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i have been trying to figure this out but need some help! even a hint will do...

//trie node
typedef struct trie_node
{
    struct trie_node* parent;
    struct trie_node *child[27];
    //check is end of word
    bool is_end;
}trie_node ;

//pointer to the root
trie_node* root;

thats my tries structure...on running the help50 valgrind i get this error

Helping with...                                                                                                                                                                                       

==4567== Invalid read of size 8
==4567==    at 0x4011BA: load (dictionary.c:104)
==4567==    by 0x4008C4: main (speller.c:40)

Looks like you're trying to access 8 bytes of memory that isn't yours? Did you try to index into an array beyond its bounds? Take a closer look at line 104 of dictionary.c.

here is my load function

bool load(const char *dictionary)
{


    //open dictionary
    FILE* fp= fopen (dictionary , "r");

    if (fp==NULL)
    {
        return false;  // not successful to load
    }


        //start from the root
        trie_node* current_node = root;
         root = calloc(1, sizeof(trie_node));


        //load dictionary words into memory 
        for (int word = fgetc(fp); word != EOF; word = fgetc(fp))
        {
            //load in word letter by letter
            while(word != '\0')
            {
                   //if apostrophe
                   if(word=='\'')
                   {
                       word = 'z'+ 1; // add to  child[27]
                    }

                    int childIndex = tolower(word) - 'a';
                    //input values in empty node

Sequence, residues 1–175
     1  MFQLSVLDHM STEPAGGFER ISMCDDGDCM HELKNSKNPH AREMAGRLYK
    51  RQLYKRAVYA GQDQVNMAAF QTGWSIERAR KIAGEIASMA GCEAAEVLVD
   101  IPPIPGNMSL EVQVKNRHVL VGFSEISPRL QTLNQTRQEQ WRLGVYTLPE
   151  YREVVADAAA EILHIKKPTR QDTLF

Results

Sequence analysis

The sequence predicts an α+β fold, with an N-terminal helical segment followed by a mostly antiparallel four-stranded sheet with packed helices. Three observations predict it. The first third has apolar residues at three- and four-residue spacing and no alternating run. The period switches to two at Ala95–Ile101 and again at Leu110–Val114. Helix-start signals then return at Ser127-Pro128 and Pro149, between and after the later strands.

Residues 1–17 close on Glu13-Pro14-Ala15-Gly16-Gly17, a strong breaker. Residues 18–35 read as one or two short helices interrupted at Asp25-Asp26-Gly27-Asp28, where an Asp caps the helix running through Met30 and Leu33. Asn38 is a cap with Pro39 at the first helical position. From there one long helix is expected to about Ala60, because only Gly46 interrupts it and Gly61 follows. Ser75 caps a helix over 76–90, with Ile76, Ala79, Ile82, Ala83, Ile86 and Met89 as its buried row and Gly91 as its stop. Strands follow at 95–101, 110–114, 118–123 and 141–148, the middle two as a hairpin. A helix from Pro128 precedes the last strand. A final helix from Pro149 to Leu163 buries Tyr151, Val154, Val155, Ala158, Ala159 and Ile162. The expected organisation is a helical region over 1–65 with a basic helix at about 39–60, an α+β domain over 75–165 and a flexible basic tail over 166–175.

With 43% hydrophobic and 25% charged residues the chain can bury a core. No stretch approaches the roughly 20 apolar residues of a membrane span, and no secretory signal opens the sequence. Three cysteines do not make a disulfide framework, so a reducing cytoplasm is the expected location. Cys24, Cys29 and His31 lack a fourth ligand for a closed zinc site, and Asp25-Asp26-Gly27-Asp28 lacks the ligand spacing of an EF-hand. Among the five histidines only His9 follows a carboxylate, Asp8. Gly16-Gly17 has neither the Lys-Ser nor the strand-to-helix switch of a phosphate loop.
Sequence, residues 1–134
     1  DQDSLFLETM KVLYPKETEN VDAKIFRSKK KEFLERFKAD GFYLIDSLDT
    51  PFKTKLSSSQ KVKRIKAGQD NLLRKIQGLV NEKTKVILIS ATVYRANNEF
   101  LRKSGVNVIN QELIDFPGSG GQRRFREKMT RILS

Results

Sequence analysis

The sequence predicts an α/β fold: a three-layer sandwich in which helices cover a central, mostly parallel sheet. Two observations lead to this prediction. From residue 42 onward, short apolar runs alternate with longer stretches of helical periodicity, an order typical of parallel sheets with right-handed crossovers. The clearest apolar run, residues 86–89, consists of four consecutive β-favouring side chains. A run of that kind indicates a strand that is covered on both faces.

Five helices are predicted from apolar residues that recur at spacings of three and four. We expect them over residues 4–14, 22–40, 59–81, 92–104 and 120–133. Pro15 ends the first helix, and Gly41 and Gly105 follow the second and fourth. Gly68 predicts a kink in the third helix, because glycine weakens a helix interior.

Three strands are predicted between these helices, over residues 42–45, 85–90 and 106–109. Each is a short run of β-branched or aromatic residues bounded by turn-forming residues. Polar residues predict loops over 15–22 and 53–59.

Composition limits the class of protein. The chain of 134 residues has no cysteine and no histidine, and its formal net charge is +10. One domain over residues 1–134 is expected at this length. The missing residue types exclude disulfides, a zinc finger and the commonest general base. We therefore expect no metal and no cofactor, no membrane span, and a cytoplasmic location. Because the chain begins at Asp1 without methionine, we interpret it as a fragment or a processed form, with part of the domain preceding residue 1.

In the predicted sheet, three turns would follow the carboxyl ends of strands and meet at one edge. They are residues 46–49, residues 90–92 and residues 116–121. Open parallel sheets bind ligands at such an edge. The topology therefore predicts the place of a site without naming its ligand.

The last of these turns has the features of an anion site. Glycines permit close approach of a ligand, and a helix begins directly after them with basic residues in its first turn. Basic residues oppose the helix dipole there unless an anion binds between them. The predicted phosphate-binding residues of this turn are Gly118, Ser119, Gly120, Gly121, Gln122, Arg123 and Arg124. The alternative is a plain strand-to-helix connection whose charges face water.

if (current_node -> child[childIndex] == '\0' ) 
                    {
                        current_node -> child[childIndex] = calloc(1, sizeof(trie_node));
                        current_node -> child[childIndex]->parent = current_node;
                    }
                //if letter already present
                current_node = current_node -> child[childIndex];
                ++ word;
            }    

            if(word == '\0')
            {
               //mark the end of word
               current_node ->is_end = true;
               count ++;
            }
        }

        // end of dictionary
        if(fgetc(fp) == EOF)
        {
            fclose(fp);
            return true;
        }
    return true;
}

the error is on this line or part..

int childIndex = tolower(word) - 'a';
                    //input values in empty node
                    if (current_node -> child[childIndex] == '\0' ) 
                    {
                        current_node -> child[childIndex] = calloc(1, sizeof(trie_node));
                        current_node -> child[childIndex]->parent = current_node;
                    }
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Your problem arises from current_node -> child[childIndex]->parent = current_node;.

First off, unlike in math, A=B does not mean the same as B=A. If you want to change your current_node node, place it on the left side of the equal sign. Secondly, I'm unsure where you're going with those parent nodes—you don't seem to use it anywhere else in your function. Think about or revisit Zamyla's explanation of tries, and how a parent may or may not fit into the flow of the problem.